There is one specific disadvantage to DVDs though, and that is they aren't nearly as vibration tolerant, or tough as flash devices. It's the difference in reliability between a spinning disk, and a solid state chip.
So, advantages to DVD:
- Cheap media
- Changeable media
- Playable on computers
- Playable on some DVD players and Blu-Ray players
- Lower capacity media (needs to be changed more often)
- Lower data throughput (limits maximum quality)
- DVD media takes longer to format, finalize, erase etc...
- Less reliable and tough as a machine
- Media is also not as tough (scratching etc...)
- I still prefer flash based camcorders
- I find DVD based camcorders an acceptable alternative; at least theoretically
- I find hard drive based camcorders unacceptably limiting, unless they also allow for flash recording
- I don't want to put up with the inconvenience of tape, unless the quality tradeoff is there; and I don't have the budget for that kind of quality
For my purposes, the media wasn't the most important question; but it was the easiest and fastest discriminator.
Of the rest, the biggies are resolution, frame rate, format, image stabilization, and the lens.
A lot of the early HD camcorders, and even today most of those under $500, run at 1280x720.
Now, there's nothing wrong with 720. Most of the time you'll never notice the difference between 720 and 1080, unless your TV is huge and you sit relatively close to it.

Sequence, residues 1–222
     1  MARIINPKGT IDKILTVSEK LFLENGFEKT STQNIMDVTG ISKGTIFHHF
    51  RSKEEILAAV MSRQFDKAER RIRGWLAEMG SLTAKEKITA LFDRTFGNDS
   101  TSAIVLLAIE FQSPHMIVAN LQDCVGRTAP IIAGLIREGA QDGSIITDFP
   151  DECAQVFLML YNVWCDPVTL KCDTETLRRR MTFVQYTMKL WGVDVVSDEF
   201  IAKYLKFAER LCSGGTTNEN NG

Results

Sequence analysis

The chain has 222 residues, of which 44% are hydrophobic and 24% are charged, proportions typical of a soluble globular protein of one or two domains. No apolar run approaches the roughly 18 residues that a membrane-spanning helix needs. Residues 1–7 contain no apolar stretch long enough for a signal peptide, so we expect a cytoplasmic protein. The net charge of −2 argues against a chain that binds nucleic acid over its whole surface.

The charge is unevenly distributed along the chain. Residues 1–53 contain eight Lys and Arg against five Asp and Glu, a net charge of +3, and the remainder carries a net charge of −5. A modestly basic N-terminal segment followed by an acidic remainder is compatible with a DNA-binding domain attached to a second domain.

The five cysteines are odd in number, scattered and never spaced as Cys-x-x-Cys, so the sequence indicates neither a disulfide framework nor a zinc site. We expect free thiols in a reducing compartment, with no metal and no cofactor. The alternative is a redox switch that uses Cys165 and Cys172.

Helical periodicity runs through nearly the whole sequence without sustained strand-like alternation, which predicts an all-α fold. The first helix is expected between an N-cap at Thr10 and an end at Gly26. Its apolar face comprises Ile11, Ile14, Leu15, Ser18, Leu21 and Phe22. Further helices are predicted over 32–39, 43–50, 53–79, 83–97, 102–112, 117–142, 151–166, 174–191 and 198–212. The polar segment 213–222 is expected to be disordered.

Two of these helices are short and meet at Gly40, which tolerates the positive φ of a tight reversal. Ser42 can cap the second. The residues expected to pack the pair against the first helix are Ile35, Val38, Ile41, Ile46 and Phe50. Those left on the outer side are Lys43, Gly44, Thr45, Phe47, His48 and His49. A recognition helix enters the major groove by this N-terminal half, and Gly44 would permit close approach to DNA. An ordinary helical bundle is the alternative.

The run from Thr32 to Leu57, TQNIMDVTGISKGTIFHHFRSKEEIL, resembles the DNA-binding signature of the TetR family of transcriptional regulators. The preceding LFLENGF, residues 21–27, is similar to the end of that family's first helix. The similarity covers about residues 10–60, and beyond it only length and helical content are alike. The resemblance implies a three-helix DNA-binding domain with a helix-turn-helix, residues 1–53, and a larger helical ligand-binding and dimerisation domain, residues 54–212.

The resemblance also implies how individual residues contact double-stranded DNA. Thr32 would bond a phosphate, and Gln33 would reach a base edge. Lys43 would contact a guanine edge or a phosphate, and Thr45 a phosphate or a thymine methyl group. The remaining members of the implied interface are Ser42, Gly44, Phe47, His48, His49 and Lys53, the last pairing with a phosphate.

Most lower end pro-level and high end semi-pro level video cameras (and video software) run at 1440x1080 anyway.
Heck, most of the time, you're going to want to shoot at a lower resolution anyway, to increase your recording time, reduce your data transfer time, and reduce your file size.
Most of the time...
Although the times you'll really want to have a 1920x1080 video are limited; there is a very good reason to shoot at that higher resolution:
Level Of Detail (LOD)
Shooting at a higher resolution gives you a greater level of detail to work with in your video. While that detail may be lost when you convert down to DVD format, or web format; starting with the highest quality possible source, allows you to have the highest quality possible result. You just get more detail, sharpness, contrast, and definition when you start off with a higher LOD.
Also, high LOD gives you a lot more flexibility in your editing. When you start with the highest quality image, you lose less quality in the editing process (it's digital so I'm talking about photomanipulation and downsampling, not generational losses).
Finally, high LOD allows you to take very deep crops of scenes, and blow them up to full screen size, while maintaining acceptable visual quality.
For example, you can shoot a scene wide at 1920x1080; then crop down to a center shot of 1280x720 with very little perceptible loss of quality; giving you more flexibility in your editing, and room to fix misframed shots.
So, for my personal use, I want a 1920x1080 capable camcorder.
Now to explain that important bit, "P" vs. "I".
"P" stands for progressive, and "I" interlaced. That USED to mean that either every frame was drawn scan line by scan line (progressive), or that every second scanline was drawn every frame, thus forming a full image with every scanline being hit every two frames (interlaced).
This interlaced way of showing an image is why when you shoot a traditional television screen with a video camera, it flickers; because the video cameras shutter speed is so fast, that it sees that half the data is missing in each frame.
Obviously, progressive images give you twice as much data to deal with, because every line is drawn every frame.